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Follow the ColoursBuy Follow the Colours now from Amazon
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'"Follow the Colours"' is a marching song written by the English composer Edward Elgar in 1907, with words by Capt. William de Courcy Stretton. The song is for male voice solo with an optional male voice chorus, accompanied by piano, orchestra or military band.
In January 1907 William Henry Ash, grandson of pioneer dental manufacturer Claudius Ash, as a Liveryman of the Worshipful Company of Musicians offered a prize of 20 guineas for the words of "a marching song for British soldiers".Minutes of Court meeting 29 January 1907 The popular writers Kipling and Conan Doyle having refused,Minutes of Court meeting 30 April 1907 the offer was advertised in the newspapers. In November the company announced that the winner (of 96 applicants) was William de Courcy Stretton - a 45 year old retired Royal Artillery captain from Salcombe in Devon - and that the music was to be written by Elgar. Alfred Littleton, chairman of publishers Novello and also a Liveryman of the company, had to plead with Elgar to go ahead, as there was much Elgar disliked about the idea. Elgar eventually wrote an orchestral score to include the four verses, and this was posted to Novello's on 27 December.
At Elgar's request, his score was arranged for military band by Capt. Arthur J. Stretton,No known relation of Capt. William de Courcy Stretton Director of Music at the Royal Military School of Music (Kneller Hall), and first performed by a Kneller Hall band and chorus, conducted by Capt. Stretton, at the annual banquet of the Musicians Company at Stationers Hall on 28 April 1908, when it was for that occasion given the generic title "Marching Song". Then, with much publicity, and with the title "Follow the Colours" taken from the refrain, it was given its first public performance at the Empire Day concert in the Royal Albert Hall on 24 May 1908, with the London Symphony Orchestra, and the tenors and basses of the Royal Choral Society, conducted by Sir Alexander Mackenzie. A few days later, on 27 May, it was performed at the first Kneller Hall evening concert of the season when the band was conducted by student bandmaster H. Norris.It is a tradition for the Kneller Hall band to be conducted by student bandmasters at their Spring concerts The work was soon published by Novellos and performed at many locations in the UK for the remainder of that year and until 1915.
The full orchestral score was presented by Elgar to the Worshipful Company of Musicians on 14 June 1910.
Its first wartime performance was at the Royal Albert Hall, London, on 10 October 1914, following much publicity. It was at a concert in aid of the Queen's "Work for Women" Fund, and supported by singers Dame Clara Butt and Kennerley Rumford, with the Queen's Hall Orchestra and singers of the Royal Choral Society. It was the first concert in a series to be performed at 22 locations throughout the UK.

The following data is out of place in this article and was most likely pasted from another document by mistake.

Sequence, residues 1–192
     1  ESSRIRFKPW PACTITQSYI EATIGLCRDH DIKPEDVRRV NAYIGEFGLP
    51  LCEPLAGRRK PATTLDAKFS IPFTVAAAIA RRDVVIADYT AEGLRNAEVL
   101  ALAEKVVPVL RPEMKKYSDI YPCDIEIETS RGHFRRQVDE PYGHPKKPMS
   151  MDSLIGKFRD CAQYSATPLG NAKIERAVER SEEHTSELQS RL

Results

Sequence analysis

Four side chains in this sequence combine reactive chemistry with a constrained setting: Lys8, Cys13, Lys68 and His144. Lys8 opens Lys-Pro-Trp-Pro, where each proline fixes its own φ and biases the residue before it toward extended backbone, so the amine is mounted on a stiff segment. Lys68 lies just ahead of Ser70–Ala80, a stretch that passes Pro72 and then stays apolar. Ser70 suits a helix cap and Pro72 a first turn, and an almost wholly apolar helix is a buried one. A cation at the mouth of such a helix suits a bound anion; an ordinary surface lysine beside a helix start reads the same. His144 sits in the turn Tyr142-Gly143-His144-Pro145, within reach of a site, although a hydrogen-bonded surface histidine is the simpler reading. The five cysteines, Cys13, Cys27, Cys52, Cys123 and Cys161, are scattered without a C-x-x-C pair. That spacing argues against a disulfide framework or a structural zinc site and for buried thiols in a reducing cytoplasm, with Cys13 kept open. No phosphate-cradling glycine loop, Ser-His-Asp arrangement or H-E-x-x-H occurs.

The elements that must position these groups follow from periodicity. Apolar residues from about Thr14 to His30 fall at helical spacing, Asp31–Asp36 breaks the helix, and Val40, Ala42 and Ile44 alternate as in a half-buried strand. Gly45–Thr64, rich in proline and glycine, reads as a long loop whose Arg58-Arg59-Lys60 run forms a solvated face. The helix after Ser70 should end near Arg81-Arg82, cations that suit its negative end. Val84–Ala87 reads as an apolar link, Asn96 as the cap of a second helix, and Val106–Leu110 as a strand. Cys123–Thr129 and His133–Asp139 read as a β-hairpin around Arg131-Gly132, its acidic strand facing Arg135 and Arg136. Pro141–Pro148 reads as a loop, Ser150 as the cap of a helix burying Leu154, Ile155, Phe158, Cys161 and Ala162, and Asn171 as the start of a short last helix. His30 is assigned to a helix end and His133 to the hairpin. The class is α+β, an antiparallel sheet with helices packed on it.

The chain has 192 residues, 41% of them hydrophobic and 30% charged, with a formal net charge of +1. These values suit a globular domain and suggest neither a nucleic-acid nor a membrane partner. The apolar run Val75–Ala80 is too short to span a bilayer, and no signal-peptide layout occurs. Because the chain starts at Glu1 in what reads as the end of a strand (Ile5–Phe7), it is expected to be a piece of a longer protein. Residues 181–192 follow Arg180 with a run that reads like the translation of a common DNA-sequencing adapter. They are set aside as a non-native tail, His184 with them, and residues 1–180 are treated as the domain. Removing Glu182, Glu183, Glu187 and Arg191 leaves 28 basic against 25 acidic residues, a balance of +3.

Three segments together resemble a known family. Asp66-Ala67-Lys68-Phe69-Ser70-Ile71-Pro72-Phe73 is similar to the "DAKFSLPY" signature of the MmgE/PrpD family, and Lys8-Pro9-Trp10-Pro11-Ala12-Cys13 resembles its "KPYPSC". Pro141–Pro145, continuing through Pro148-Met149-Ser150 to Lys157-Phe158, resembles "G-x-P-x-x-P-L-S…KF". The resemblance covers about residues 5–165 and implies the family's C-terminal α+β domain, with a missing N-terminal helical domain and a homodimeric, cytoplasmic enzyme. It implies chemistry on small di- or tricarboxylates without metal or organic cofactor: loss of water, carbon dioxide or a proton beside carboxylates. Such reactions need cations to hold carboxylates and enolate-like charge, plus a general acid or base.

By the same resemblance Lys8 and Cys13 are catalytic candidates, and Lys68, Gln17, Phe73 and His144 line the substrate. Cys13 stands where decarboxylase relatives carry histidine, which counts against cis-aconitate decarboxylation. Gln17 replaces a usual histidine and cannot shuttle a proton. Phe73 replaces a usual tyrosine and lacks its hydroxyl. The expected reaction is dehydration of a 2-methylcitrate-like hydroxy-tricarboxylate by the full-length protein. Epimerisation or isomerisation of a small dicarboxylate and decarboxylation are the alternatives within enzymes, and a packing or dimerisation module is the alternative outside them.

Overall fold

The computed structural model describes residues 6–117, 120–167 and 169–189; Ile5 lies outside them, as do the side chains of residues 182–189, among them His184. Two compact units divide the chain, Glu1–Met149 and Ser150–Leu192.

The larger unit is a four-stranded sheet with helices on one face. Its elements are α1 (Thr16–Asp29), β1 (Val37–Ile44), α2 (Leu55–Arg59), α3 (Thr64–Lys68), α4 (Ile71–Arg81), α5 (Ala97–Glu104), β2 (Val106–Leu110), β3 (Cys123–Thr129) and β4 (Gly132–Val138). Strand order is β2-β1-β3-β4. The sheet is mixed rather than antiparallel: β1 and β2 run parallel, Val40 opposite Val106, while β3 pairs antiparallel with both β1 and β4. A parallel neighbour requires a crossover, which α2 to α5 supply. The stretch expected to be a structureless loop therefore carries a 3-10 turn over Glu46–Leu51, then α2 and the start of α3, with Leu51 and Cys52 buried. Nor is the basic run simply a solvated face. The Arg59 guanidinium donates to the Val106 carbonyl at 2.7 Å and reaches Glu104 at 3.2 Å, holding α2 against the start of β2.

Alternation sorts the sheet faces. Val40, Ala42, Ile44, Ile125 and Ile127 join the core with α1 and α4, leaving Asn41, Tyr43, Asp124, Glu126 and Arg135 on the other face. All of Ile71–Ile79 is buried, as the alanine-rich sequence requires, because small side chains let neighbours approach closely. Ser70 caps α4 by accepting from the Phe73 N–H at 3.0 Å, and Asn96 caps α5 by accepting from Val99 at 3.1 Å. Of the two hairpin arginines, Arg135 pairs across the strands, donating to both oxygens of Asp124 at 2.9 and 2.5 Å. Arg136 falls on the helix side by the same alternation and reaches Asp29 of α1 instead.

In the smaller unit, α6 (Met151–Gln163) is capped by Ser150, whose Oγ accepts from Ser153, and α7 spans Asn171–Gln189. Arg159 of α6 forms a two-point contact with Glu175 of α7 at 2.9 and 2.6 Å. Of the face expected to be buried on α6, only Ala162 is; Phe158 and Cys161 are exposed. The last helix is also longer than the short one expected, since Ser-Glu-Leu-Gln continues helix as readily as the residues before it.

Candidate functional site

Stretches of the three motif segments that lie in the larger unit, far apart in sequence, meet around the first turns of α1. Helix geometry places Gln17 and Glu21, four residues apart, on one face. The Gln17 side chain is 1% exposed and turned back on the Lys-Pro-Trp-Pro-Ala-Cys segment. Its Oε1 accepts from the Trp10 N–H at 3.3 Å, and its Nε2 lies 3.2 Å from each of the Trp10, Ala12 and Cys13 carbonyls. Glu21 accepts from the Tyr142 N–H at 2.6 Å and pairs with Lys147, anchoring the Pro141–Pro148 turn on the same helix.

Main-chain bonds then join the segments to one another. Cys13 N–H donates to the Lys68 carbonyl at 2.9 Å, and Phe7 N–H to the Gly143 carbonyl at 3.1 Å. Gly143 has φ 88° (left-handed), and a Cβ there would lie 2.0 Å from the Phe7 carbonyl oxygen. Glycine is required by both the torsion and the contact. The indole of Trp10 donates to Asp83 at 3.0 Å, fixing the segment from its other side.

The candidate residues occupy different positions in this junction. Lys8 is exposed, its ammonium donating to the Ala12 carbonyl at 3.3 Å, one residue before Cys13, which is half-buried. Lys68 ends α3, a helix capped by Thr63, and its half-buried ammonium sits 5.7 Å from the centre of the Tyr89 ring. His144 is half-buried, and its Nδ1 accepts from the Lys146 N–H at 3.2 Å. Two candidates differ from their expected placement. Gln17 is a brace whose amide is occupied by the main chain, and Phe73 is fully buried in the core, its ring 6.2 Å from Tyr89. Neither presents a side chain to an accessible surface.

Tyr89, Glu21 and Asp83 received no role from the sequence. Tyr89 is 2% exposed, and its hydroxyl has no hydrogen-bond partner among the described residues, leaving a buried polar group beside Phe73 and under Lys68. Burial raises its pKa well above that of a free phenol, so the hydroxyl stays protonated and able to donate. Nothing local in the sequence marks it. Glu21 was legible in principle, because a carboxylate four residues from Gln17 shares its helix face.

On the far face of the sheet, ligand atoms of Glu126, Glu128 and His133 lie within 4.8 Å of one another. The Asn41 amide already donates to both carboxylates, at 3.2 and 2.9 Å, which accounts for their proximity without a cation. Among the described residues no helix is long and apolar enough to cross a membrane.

Such was its pre-war success that in 1914 it was republished by Novellos in a version (in key D) with piano accompaniment, with fewer introductory bars and the third verse omitted. There were few performances after 1915.
Tragically the author, William de Courcy Stretton, lost four of his five sons, Capt Alexander Lynam (M.C.), Capt William Stapelton, Able Seaman Conrad (Royal Australian Navy) and 2nd Lt John while fighting for the British Empire during the First World War.
The impression is of cheerful optimism, a fine cheerful tune and chorus cleverly livened by cross-rhythms: but we must remember that it was written before the real horrors which Elgar later recalled more sensitively with 'For the Fallen'. The coming of the war had made its sentiments inappropriate.
The chorus generally reinforces the solo singer in the second and fourth lines of each verse, and joins in the refrain.
The accompaniment is for full orchestra, and is an example of brilliant but sensitive writing for the large percussion section, which consists of three timpani, side drum, triangle, bass drum and cymbals.
FOLLOW THE COLOURS
:Thousands, thousands of marching feet,
::All through the land, all through the land ;
:Gunners and Sappers, Horse and Foot,
::A mighty band, a mighty band.
'Refrain, after each verse:'
:Follow the Colours, follow on,
::Whereer they go, whereer they go ;
:Loyal the hearts that guard them well,
::Twas ever so, twas ever so.
:::March, march, march !
:Roll the drums, and blow the fifes,
::And make the bagpipes drone ;
:Glory for some and a chance for all,
::Till we come again to our own.
:England, Scotland, Ireland and Wales
::Send forth their sons, send forth their sons ;
:Children of Empire seas beyond
::Stand to their guns, stand to their guns.
:What's in the wind now, what's toward ?
::Who cares a bit, who cares a bit ?
:Marching orders, we're on the way
::To settle it, to settle it.
:Some will return, and some remain,
::We heed it not, we heed it not ;
:Somethings wrong, to put it right s
::The Soldiers lot, the Soldiers lot.
::::::::'William de Courcy Stretton'
*[https://www.amazon.com/Elgar-Edward/dp/B00002610Y "The Unknown Elgar"] includes "Follow the Colours" performed by Stephen Holloway (bass), with Barry Collett (piano), and male voice chorus.
*[http://www.prestoclassical.co.uk/w/155931/Edward-William-Elgar-A-War-Song-Hayward-Op-5 John Ireland - Orchestral Songs and Miniatures] With a collection of the music of Ireland, two songs by Elgar are included: 'Follow the Colours' and 'A War Song', performed by Roderick Williams (baritone), BBC Concert Orchestra/Martin Yates
*Kennedy, Michael, 'Portrait of Elgar' (Oxford University Press, 1968)
*Moore, Jerrold N. Edward Elgar: a creative life (Oxford University Press, 1984)
*Young, Percy, 'Elgar O.M., A Study of a Musician', London, Collins, 1955
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